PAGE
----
At the same time, Unia drew public attention to the highly precarious working conditions experienced by domestic employees. The government finally took up the union concerns and asked an experts group to work out the parameters for an NAV with binding minimum wages. Taking part in that group were representatives of the cantonal and national authorities, employer organizations, and organizations in related sectors (cleaning and hospitality), as well as the authors of the present article, who were representing the unions. The experts group reported back in mid-2009 with a proposed NAV that took account of multiple elements and requirements.

The main focus was on the setting of minimum wages that would reflect the wide-ranging and physically demanding tasks involved in private domestic work. Concretely, the experts’ group defined three wage categories on the basis of experience and training: 1. untrained employees, 2. experienced employees and 3. employees with vocational training or long experience. For the domestic employees’ protection and security, other elements going beyond the legal requirements are vital. Among them are working time arrangements (including overtime), holidays and leave, and the continued payment of wages in case of illness. Although the Unia representatives pressed for these elements to be included in the proposed NAV, they were left out – both because they are covered by existing cantonal NAVs and because the legislation underpinning national NAVs does not provide for them.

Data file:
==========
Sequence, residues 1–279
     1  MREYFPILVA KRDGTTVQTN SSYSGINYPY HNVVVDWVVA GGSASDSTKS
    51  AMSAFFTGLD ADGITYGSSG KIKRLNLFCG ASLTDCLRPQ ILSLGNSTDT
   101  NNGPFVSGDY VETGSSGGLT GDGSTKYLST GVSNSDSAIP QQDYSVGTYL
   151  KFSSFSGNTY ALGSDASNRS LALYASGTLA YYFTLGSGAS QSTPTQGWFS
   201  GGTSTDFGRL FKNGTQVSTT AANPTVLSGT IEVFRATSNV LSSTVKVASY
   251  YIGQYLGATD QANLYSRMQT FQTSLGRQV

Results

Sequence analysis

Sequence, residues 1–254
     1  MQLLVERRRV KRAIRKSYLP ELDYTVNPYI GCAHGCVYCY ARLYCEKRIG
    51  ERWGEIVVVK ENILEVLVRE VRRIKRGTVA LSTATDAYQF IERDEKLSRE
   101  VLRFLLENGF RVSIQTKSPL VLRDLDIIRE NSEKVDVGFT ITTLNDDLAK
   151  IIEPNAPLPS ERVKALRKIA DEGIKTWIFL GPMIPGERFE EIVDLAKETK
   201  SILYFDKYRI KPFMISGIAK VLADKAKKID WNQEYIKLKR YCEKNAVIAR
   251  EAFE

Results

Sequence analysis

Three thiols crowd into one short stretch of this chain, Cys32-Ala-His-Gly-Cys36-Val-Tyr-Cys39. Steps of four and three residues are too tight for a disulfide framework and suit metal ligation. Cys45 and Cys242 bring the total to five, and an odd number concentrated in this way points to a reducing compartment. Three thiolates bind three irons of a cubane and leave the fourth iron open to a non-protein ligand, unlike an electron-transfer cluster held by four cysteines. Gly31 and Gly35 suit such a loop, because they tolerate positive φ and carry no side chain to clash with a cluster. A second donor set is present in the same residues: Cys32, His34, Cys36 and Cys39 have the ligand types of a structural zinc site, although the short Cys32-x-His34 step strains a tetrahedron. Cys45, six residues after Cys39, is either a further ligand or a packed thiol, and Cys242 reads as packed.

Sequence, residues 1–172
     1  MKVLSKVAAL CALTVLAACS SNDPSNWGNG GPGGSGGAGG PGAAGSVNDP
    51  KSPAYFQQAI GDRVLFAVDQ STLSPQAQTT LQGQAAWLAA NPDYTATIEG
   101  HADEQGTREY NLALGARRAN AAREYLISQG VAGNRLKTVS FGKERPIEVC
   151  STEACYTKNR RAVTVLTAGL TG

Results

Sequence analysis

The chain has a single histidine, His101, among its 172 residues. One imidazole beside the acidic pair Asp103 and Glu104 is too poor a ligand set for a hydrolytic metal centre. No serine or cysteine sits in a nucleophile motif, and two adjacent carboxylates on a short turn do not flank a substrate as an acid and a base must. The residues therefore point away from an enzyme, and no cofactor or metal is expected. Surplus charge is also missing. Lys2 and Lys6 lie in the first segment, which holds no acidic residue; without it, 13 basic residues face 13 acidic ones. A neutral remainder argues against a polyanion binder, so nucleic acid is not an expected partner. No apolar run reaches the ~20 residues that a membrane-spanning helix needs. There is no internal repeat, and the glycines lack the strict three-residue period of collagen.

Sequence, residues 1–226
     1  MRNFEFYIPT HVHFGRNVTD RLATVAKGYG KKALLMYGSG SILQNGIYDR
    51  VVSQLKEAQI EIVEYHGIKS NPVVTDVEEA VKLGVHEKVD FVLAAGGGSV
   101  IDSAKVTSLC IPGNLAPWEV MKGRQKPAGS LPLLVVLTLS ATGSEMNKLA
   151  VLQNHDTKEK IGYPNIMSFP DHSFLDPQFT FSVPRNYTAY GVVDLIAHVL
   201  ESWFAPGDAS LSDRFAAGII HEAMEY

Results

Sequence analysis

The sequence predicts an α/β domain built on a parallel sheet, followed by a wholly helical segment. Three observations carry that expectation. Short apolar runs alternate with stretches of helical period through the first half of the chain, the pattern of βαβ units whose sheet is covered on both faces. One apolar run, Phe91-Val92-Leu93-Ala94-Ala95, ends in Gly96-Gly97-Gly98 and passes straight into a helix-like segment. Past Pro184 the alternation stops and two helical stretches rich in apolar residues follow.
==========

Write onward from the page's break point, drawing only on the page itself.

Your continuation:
A first step in the right direction

On its way through the political and administrative procedures, the draft NAV had to overcome some resistance and many hurdles. Some cuts also had to be accepted, notably to the effective minimum wage levels, before the national government decreed the first NAV for domestic employees, with binding minimum wages and the force of law, in October 2010 (see here the full text of the law in German, French and Italian) . To date, this is the only national-level NAV, so its significance goes beyond the sector for which it was adopted.

The NAV came into force on 1 January 2011, and it is an important step in the right direction. The compulsory minimum wages are:

  • CHF 18.20 per hour for untrained workers
  • CHF 20.00 per hour for untrained workers with 4 years of professional experience or for workers with two years’ training
  • CHF 22.00 per hour for workers with three years’ training.

Source: Vania Alleva & Mauro Moretto/Global Labour Column

Story Type: News